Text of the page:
Research

Intuitive interactive form finding of optimised fabric-cast concrete


Reference:

Bak, A., Shepherd, P. and Richens, P., 2012. Intuitive interactive form finding of optimised fabric-cast concrete. In: Second International Conference on Flexible Formwork (icff2012), 2012-06-27 - 2012-06-29, University of Bath.

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    Official URL:

    http://people.bath.ac.uk/jjo20/icff/ICFF2012/

    Abstract

    Producing organic shapes in concrete has been a challenging problem since complex freeform buildings became a major trend in contemporary architecture. Many different techniques for casting doubly-curved shapes have been proposed. Most of them produce elements which exactly match a preconceived design, but at a high cost in manufacture. Fabric formwork techniques (such as those pioneered at the Centre of Architectural Structures and Technology at the University of Manitoba (CAST)) are relatively economical, but require a form-finding approach which takes into account the physics of casting, as well as structural and functional requirements of the finished element. The research presented here involves a specialised methodology for the design and manufacture of optimised concrete elements cast in fabric formwork. Using a novel software tool, our approach lies in between the largely intuitive methods reported by CAST and the precise but expensive computer-controlled manufacturing methods normally used in practice. Combining topological optimisation with computational form-finding, the developed software guides the designer towards a shape that is economical in both material and manufacturability. By combining knowledge of computational structural analysis, optimisation algorithms, fabric simulation and the practical casting techniques of fabric formwork; the gap between structurally optimised forms, and those developed intuitively by fabric casting, can be bridged. This is demonstrated through a case study involving the computational design of a centrally supported slab, supplemented with design studies realised using plaster scale models.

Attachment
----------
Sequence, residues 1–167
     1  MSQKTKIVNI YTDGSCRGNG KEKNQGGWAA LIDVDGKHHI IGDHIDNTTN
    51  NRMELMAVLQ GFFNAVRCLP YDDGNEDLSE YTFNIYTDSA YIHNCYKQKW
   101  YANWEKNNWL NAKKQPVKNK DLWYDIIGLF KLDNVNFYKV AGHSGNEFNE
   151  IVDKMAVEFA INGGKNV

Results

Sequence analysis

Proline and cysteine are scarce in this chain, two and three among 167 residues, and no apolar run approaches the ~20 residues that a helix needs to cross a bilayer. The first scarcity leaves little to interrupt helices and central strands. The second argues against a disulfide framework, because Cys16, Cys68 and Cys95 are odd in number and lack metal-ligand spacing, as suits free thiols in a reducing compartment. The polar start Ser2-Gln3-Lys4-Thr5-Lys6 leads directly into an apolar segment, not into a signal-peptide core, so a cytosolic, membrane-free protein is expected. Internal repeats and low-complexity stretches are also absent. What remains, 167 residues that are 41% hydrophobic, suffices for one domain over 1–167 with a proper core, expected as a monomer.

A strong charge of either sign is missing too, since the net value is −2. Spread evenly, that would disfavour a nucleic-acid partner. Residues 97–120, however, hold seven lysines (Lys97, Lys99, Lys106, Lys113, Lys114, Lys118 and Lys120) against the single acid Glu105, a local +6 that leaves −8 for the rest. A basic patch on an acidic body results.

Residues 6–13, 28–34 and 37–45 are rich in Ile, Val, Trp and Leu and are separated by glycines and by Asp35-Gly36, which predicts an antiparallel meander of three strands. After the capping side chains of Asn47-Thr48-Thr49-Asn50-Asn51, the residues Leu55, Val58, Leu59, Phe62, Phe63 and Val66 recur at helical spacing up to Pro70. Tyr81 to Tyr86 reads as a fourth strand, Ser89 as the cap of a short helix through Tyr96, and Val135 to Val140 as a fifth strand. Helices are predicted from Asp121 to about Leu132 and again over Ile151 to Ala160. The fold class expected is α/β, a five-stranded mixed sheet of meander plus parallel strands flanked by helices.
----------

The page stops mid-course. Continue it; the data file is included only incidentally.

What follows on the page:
Details

    Item Type Conference or Workshop Items (Paper)
    CreatorsBak, A., Shepherd, P. and Richens, P.
    DepartmentsFaculty of Engineering & Design > Architecture & Civil Engineering
    Research CentresCentre for Advanced Studies in Architecture (CASA)
    RefereedNo
    StatusPublished
    ID Code31805

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